I also pay attention to in stagecraft and pacing for certain people. There’s a level of trust you need to have in yourself. When you become famous, people will laugh at anything you say, so that’s fine but I think before that point, you need to have a certain level of pure confidence alone. You can always look at a crowd and tell if they think your jokes are funny or not. You can see on their faces that they’re not going with you, but still you’ve got to trust in the quality of your own jokes so much that you keep your own pace. That’s something I’m really working on now. When I’m acting, it’s already written out and I can follow the pacing easily, but comedy is much more alive and dynamic. It’s an experience to see a person have a level of confidence, where they can command a whole audience from a stage, still be comfortable and take their time. Say that Dave Chapelle wasn’t funny and he was able to go on stage with that confidence, that would still be very impressive and that’s the thing of it. You can look at it on so many levels, see him and just say “Fuck, he’s impressive.”

And fun fact: I’ve never seen live comedy before trying it. I’d only watch stuff online. That’s why I feel I can’t say I’m an expert or anything. I didn’t watch a full comedy show until I watched one of the specials on Netflix and that hasn’t been out for very long. Comedy shows aren’t something I grew up on in the Caribbean. They’re usually very lewd, so it wouldn’t have been something that was on in my house. And there is a small comedy scene back home, but I don’t think I could do comedy there. The things that I find funny and people back home find funny are not the same. It would be difficult for me to perform to that crowd. It’s difficult even now. I’m usually performing to tourists, which are usually a bunch of white and Asian people. Right now, I have a lot of jokes that are like “In Japan this/that…” but that’s not my end goal. I’m focusing now on just making jokes for the kind of open minded crowd I eventually want to have, but there’s limits to what I can do in my current space.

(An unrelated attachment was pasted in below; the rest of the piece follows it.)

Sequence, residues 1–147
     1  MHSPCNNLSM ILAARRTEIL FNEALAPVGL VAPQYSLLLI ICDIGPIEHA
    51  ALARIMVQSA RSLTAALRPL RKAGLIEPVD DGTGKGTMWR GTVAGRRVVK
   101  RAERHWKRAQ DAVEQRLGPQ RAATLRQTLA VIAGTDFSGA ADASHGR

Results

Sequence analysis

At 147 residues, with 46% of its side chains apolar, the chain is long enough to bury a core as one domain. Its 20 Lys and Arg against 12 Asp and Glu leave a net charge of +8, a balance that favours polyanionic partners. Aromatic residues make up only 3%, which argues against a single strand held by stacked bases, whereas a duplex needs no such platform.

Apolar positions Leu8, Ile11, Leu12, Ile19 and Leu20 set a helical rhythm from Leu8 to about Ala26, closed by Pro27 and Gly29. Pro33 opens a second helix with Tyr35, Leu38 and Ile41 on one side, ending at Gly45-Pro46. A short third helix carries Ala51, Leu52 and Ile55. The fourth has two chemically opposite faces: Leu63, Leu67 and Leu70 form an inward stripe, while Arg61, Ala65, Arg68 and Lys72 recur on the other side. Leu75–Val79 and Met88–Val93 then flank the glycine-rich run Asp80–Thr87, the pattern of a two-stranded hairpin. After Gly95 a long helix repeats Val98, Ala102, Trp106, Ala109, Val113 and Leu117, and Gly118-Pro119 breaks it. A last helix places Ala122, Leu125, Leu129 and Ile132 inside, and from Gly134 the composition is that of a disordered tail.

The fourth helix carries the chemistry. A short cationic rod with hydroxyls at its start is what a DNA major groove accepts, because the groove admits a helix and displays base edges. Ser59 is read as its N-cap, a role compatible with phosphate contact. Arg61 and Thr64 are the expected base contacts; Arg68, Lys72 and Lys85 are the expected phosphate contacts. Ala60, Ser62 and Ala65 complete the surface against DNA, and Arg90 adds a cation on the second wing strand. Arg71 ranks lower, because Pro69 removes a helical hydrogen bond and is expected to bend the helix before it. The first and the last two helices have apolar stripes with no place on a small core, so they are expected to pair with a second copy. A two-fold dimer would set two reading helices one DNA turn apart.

BCJ: And yet again, you’re transitioning into the next segment: plugs and plans for the future. So what’s next for you on your path regarding either?

R: For right now my immediate plan is to mix up the spaces, in which I can perform in as much as I can. One thing I’d like to do is perform at this really cool venue in Sannomiya, Kobe called The Castle. I’ve been procrastinating in setting that up, but I want to organize a comedy night there once a month. Additionally, I’d like to at least once a month try to get out to Tokyo and perform there, since their comedy scene has been on a rise lately. I want to at least get more of a diversity in the crowds I perform to and not just performing in Osaka all the time. I think it’ll be refreshing. I’m still training, and training in Hard Mode, which is good, you know. I like trials by fire. Anyway so the comedy night at The Castle will come later, but currently I do shows at ROR Comedy Club in Shinsaibashi on Fridays and Saturdays and I have a YouTube & Podcast series called Not Drinking Alone that airs bi-monthly.